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2. Are there any particular health concerns? What is the quality of available medical care? What medical conditions typically require medical evacuation?

The local healthcare system is horrible. There are a few places that everyone seems to go that have a good reputation. Local dental care at a good clinic is very reasonably priced and high quality.

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3. What is the air quality like at post (good/moderate/bad)? Are there seasonal air quality issues? Does the air quality have an impact on health?

Air quality is OK for a developing country but this is a dirty city full of old cars pouring out unregulated exhaust.

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4. What is the overall climate: is it extremely hot or cold, wet or dry, at any time of year, for example?

Winter is a serious part of the Ukrainian experience. During the winter we spent there, we had an inordinate amount of snow. You need to purchase heavy gear; Land's End is a good source. I found Yak trax necessary as well. Make sure your kids are covered from head to toe. The sun basically disappears for eight months out of the year and this can be brutal for those of us not familiar with this kind of climate. Sidewalks and buildings are also not cleared well. We lived off of Artema and our street was not cleared until the end of winter. If you use a stroller, you need a jogger stroller if you hope to use it in the winter. The danger of ice falling from buildings is very real and can restrict your mobility. Try to leave for a good chunk of the winter especially if you have small children.

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Schools & Children:

1. What is the availability of international schools? What has been your general experience with them, if any?

My kids were little. My daughter attended P'tit Cref (in the center of town) and I would highly recommend this school full of caring teachers and small classes. I also know families who were very happy with the French School in the center of town. I chose to not send my daughter to KIS because of mixed reviews and PSI because of the commute time that is often over an hour each way.

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2. What accommodations do schools make for special-needs kids?

This is a concern in all international schools. Oftentimes children with significant special needs are just put in regular classrooms.

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3. Are preschools available? Day care? Are these expensive? What has been your experience with them, if any? Do the schools provide before- and/or after-school care?

P'tit Cref is excellent. There is also a (very loosely defined) Montessori School in the center of town. Many families are happy there.

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Expat Life:

1. What is the relative size of the expatriate community? How would you describe overall morale among expatriates?

The size is fairly big and the morale dips considerable in the winter.

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2. Is this a good city for single people? For couples? For families? Why or why not?

I think this is an ideal city for singles and childless couples. There is a thriving nightlife and the flights to Europe are cheap. It's a hard city for families with little kids especially if you are not used to the dark winter days. Summer is a much happier part of the year but do not come here thinking that this is anything other than a poor European city. Traffic is significant issue in town. Realize that you will spend most of your time in your section of town.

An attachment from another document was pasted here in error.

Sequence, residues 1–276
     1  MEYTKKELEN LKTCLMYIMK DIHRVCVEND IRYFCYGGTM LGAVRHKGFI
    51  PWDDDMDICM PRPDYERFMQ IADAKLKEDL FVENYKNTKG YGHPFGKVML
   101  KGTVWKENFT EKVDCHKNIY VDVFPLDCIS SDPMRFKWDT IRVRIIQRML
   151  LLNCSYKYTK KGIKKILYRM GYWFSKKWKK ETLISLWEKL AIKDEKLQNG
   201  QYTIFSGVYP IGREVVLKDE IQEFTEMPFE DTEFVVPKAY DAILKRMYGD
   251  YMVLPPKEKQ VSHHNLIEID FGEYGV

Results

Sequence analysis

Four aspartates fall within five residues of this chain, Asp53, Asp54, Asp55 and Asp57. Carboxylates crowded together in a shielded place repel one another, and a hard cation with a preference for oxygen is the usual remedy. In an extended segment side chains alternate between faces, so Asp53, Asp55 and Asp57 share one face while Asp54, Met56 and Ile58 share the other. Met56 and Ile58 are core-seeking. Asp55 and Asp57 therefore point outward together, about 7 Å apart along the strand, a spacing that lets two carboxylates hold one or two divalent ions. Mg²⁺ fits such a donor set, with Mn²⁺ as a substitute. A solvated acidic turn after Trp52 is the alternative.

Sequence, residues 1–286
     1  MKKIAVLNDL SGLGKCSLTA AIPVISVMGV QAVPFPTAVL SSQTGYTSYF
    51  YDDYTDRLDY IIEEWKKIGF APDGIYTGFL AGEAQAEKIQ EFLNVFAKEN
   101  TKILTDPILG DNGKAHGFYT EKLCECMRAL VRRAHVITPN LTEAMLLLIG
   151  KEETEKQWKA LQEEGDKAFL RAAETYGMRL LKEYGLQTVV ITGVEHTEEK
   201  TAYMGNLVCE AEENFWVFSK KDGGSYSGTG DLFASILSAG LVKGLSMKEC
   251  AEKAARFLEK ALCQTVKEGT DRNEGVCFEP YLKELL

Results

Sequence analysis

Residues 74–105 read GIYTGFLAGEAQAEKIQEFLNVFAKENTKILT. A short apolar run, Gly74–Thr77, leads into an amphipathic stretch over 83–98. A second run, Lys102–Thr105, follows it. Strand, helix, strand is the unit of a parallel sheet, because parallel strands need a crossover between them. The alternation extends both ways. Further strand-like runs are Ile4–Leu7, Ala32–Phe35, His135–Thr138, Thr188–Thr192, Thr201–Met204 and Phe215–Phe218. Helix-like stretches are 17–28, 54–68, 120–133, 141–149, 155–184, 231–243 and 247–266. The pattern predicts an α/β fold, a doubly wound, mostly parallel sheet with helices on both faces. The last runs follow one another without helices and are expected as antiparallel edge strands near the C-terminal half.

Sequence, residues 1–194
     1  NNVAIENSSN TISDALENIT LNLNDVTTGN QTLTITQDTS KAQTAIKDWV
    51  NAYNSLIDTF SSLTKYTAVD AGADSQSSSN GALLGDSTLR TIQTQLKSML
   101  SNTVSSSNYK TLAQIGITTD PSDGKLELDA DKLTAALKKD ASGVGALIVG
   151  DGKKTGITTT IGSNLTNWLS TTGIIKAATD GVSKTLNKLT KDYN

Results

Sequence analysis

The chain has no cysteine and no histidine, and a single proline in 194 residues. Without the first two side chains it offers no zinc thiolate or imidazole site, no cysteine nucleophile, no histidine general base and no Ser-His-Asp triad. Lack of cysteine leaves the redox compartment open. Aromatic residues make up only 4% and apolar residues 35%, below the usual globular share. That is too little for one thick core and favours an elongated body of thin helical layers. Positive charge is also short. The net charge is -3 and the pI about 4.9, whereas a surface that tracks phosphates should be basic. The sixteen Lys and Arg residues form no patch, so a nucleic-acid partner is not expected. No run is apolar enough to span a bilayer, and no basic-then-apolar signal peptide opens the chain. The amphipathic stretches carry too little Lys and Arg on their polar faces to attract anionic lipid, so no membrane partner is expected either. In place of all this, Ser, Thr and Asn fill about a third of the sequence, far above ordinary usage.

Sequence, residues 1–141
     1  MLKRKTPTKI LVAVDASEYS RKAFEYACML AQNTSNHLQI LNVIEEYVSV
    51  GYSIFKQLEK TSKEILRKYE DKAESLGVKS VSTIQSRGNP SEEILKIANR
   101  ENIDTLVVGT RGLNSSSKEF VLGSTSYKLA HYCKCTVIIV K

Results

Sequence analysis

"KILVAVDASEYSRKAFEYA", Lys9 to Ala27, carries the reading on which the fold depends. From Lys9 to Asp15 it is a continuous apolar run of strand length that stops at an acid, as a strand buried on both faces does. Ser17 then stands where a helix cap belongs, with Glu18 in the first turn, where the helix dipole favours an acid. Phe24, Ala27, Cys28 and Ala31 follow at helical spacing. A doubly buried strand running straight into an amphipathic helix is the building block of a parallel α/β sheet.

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3. Is this a good city for LGBT expatriates? Why or why not?


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4. Are there problems with ethnic, race/racial minorities or religious prejudices? Gender equality?

You will get looks if you are even olive-skinned. Ukrainians are generally kind and peaceful but be ready to be the center of attention.

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5. What have been the highlights of your time in this country? Best trips or experiences?

Marinsky Park, Mosaic Park and the grounds of Saint Sophia's are great locations for families with little kids. We have also taken advantage of some cheap flights to Western Europe for getaways.

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6. What are some interesting/fun things to do in the area? Can you recommend any “hidden gems"?

Many families love to visit Lviv. In town, there are many parks but my favorites are definitely Marinksy Park and Mosaic Park. When the weather is nice, get a grounds-pass at Saint Sophia's and bring a blanket. It is definitely the cleanest and prettiest space of grass in the city. The playground near the Old Chancery is also nice. The best resource for families with little kids is a listserv called Kids in Kyiv.

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7. What are the particular advantages of living in this city?

Kiev is rich in history and this is a great vantage point for travel into the rest of Europe.

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8. Can you save money?

Kiev is surprisingly expensive.

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Words of Wisdom:

1. What do you wish you had known about this particular city/country before moving there?

I would never have accepted housing off of Artema because of the stray dog problem there. I would also have spent a lot more time out of the country during winter.

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2. Knowing what you know now, would you still move to this city?

Yes, but ideally as a single or a childless couple.

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3. If you move here, you can leave behind your:

Flip flops.

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4. But don't forget your:

Yak trax, down jacket, jogger stroller, vitamin D, and silent alarm for stray dogs.